Patient assessment - American Heart Association

What Is Sudden Cardiac Arrest?
Normal heart rhythms are usually regular (the heart beats steadily and evenly). Sudden Cardiac Arrest (SCA)
occurs when the lower chambers of your heart start beating very fast, weakly, and abnormally, preventing the
heart from pumping blood to the body and brain. If SCA is not treated, it can lead to death within minutes.
In most cases, SCA occurs without warning and without symptoms. In some cases, SCA may begin with a
decrease in blood flow to the heart or a heart attack. In other cases, SCA may be due to other causes and
cardiac conditions. SCA can happen at any time – at home, at work, or when you are out doing your daily
activities. People who experience SCA may lose consciousness before they even know what has happened
or before they can ask for help.
How Does SCA Differ from a Heart Attack?
SCA is not a heart attack. A heart attack, or myocardial infarction (MI),
means an area of your heart muscle has been injured and has died.
A heart attack occurs when a heart muscle is damaged because it does
not get enough blood. Blood vessels, called coronary arteries, supply
blood and oxygen to the heart muscle. If one or more of the coronary
arteries become fully blocked, the heart muscle cannot get the oxygen
it needs, and the heart muscle may be permanently damaged. Think of
a heart attack as a plumbing problem in the heart.
In contrast, think of SCA as an electrical problem in the heart. The heart’s
pumping mechanism is powered by electrical signals. During SCA, the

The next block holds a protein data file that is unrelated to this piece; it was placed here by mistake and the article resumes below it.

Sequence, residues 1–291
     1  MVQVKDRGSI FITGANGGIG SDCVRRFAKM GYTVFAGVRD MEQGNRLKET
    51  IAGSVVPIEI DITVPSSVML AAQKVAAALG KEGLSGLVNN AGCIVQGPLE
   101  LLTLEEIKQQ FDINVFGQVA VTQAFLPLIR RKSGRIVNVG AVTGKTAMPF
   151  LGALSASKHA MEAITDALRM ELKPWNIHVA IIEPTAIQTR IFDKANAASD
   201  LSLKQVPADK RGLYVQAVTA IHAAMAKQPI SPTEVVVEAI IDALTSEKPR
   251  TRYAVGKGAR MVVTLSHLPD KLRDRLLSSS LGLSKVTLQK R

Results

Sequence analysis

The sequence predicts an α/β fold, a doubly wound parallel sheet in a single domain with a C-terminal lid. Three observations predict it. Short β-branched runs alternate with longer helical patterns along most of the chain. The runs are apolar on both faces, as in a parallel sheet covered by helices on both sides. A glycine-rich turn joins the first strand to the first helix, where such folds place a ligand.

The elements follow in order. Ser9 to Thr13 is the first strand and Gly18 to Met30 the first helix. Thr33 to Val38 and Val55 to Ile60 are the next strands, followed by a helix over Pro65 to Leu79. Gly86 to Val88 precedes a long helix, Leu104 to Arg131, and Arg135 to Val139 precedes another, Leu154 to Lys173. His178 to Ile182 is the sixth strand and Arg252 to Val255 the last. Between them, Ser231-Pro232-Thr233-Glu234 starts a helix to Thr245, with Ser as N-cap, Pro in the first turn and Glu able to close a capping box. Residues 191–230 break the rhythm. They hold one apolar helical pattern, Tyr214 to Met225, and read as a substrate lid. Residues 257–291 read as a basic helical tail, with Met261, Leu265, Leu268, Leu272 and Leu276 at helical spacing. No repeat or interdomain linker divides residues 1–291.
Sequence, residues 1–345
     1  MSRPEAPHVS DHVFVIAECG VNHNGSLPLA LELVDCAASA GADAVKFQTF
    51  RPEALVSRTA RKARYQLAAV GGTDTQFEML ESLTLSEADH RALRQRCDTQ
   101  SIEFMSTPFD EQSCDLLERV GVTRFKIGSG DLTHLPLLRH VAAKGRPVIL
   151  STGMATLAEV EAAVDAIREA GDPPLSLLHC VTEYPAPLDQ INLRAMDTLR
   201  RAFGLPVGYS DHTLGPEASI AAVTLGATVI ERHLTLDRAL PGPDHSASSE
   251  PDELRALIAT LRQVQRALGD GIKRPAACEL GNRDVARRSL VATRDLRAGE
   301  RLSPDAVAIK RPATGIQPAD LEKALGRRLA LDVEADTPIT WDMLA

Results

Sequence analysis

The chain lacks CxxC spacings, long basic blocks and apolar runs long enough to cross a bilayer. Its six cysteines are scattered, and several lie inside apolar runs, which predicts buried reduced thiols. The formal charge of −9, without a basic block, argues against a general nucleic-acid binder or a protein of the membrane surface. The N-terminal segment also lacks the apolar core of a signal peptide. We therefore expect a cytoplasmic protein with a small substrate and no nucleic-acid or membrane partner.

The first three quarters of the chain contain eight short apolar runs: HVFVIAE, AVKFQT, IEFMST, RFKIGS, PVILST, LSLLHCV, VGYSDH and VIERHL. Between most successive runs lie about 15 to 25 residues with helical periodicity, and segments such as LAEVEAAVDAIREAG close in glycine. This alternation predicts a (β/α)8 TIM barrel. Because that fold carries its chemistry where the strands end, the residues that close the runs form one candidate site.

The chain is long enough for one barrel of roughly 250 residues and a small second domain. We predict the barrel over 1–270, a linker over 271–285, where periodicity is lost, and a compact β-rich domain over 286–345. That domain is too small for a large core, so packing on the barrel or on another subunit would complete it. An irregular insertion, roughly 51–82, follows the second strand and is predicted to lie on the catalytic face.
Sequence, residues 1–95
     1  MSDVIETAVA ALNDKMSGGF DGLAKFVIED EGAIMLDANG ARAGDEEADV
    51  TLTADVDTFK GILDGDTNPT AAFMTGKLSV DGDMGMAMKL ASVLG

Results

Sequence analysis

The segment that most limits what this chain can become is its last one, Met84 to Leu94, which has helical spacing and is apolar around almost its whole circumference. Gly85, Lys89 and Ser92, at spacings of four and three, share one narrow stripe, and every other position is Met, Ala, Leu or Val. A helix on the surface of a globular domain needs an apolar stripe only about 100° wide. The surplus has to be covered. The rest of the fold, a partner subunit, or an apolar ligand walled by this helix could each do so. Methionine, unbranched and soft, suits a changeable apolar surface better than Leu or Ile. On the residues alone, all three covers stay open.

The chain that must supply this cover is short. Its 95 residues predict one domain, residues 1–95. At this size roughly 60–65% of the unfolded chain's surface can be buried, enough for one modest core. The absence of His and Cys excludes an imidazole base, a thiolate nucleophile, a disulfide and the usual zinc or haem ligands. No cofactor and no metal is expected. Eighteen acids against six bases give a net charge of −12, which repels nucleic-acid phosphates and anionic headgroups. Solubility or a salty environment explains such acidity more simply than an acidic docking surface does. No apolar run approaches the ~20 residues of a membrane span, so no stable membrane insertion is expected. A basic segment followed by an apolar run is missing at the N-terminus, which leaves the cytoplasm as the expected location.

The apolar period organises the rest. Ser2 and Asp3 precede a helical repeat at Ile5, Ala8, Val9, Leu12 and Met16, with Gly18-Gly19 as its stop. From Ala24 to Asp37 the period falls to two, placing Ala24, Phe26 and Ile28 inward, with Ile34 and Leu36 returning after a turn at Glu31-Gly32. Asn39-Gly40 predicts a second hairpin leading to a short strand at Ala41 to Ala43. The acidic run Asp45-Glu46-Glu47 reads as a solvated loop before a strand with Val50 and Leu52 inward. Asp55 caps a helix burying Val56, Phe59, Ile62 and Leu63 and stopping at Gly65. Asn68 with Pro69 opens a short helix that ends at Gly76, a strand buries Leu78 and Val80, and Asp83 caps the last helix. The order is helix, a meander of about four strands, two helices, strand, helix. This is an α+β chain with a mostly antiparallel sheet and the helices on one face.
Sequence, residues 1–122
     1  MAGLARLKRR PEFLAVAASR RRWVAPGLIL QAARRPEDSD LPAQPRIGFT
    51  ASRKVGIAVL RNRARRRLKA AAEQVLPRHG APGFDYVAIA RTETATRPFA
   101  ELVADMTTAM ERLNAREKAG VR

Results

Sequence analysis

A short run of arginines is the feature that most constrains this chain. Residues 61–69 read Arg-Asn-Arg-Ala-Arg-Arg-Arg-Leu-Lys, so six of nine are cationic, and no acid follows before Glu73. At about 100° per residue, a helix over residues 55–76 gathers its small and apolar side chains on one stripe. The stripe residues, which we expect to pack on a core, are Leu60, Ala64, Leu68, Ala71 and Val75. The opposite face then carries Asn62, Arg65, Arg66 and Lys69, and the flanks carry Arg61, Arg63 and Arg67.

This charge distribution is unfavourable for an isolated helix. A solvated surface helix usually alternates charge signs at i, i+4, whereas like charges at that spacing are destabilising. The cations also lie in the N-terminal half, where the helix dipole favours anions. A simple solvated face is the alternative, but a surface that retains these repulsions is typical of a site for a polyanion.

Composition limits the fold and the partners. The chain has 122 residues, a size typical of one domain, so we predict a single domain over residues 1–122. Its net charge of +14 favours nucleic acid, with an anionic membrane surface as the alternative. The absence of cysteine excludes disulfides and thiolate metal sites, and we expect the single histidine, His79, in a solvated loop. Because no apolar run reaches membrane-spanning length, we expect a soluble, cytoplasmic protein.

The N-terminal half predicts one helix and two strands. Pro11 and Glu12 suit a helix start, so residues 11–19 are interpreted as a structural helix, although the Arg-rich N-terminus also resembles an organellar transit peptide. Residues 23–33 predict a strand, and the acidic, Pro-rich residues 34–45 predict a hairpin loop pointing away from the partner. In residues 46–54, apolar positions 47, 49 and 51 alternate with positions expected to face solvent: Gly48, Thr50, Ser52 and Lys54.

heart’s electrical system works abnormally, leading to an irregular, abnormal
heartbeat. The abnormal heartbeat causes the heart muscle to quiver rather
than pump blood, and blood is not pumped to the body and brain.
The good news is that, today, doctors and nurses understand more about SCA and heart attacks, and have
better ways to prevent them. There are medicines and treatments available to help avoid these events and
potentially help people live normal lives.
Developed by the SCA Prevention Medical Advisory Team.
This material is intended to be educational. It is not intended to replace the information provided to you by your healthcare providers
and may not be directly applicable for your individual clinical circumstance.
Please refer to the manufacturers’ prescribing information and/or instructions for use for the indications, contraindications,
warnings, and precautions associated with the medications and devices referenced in these materials.
Sponsored by Medtronic, Inc.
May 2007
UC200705529 EN